This post is a continued explication of mishnah Sanhedrin 11:2, a tradition spelling out the ritual procession of the ‘rebellious elder.’ We have seen the rebellious sage brought to the highest courts in the land, inside the (long since burned and broken) temple complex, atop which he would be prompted to defend his teachings. One critical insight mentioned was that the rabbis transmitting the tradition were living in a reality far removed from being able to practice the ritual itself. As the rabbis locate this procession in a past where they had the power to adjudicate trials of capital punishment, it becomes a reflection of their desire to impress a markedly rabbinic character onto Israelite structures of organization and power. The recitation of this tradition by later Tannaim plays a role in reinforcing the legitimate right of the rabbis to act as a ruling class in the post-temple landscape. These insights were mainly derived from the geographic (temple based) and historic (post-temple reality) components included in the Mishnah. In this post, we’ll look a bit deeper into the person of the rebellious elder, and how one was expected to defend oneself from receiving the death penalty.
When the rebellious elder is brought by his peers to the first court at the entrance to the temple complex, he’s prompted to explain himself. He begins by presenting his interpretation of Scripture in relation to those surrounding him.
While the formula is recounted in pithy Mishnaic character, the elder presenting his case would have done so differently. The nature of the elder’s defense seems as though it must be justified by Scripture (דָּרַשְׁתִּי,) not taken as a given, or cited as a received tradition. He is required to cite his fellow’s interpretations just after his own. This may serve many functions; foremost however, it serves to position him on a spectrum of who’s ‘in’ vs. ‘out’ in the rabbinic community.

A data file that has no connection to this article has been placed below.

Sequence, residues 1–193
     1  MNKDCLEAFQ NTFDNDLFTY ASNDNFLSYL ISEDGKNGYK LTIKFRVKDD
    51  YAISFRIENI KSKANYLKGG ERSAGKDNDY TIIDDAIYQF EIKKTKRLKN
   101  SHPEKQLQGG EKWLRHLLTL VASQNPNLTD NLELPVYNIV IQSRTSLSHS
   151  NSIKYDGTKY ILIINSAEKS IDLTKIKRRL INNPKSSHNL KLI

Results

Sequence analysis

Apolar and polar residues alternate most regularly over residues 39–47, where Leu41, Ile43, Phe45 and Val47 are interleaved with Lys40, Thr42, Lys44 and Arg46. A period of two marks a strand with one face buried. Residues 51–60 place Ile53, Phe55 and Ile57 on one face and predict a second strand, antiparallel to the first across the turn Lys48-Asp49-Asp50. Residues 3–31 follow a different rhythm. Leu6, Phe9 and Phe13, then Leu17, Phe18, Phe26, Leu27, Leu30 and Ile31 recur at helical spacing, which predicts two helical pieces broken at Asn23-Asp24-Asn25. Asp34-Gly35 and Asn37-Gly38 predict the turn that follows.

A rabbi can only be judged worse than their peers engaging in similar discourse and practice, so that’s exactly what the Sanhedrin is trying to gauge: how legitimate or illegitimate are the interpretations of his fellows that he veered away from? Also: How has this individual internalized his fellow’s interpretations? The manner in which the tried elder recounts his peers’ positions is also a reflection of the inner workings of his mind and may provide evidence for how he arrived at his position.
The nature of his interpretation is called into question. Does his interpretation demand action? A new commandment or decree? If his fellows have refrained from ruling on a given subject and this elder begins deriving a path forward from Scripture, it could very well undermine the established power of his fellows. In the same line of thinking, what if this elder began deriving imperatives that clearly violate one Scriptural dictate by invoking another? All these questions are at play as he presents his case in front of the court. Not all of these questions will be answered, neither are the primary concern of the court. There is one factor that is of utmost important to the court and reveals their true role in the proceedings: Whether they have already heard an interpretation of the sorts this elder is putting forward.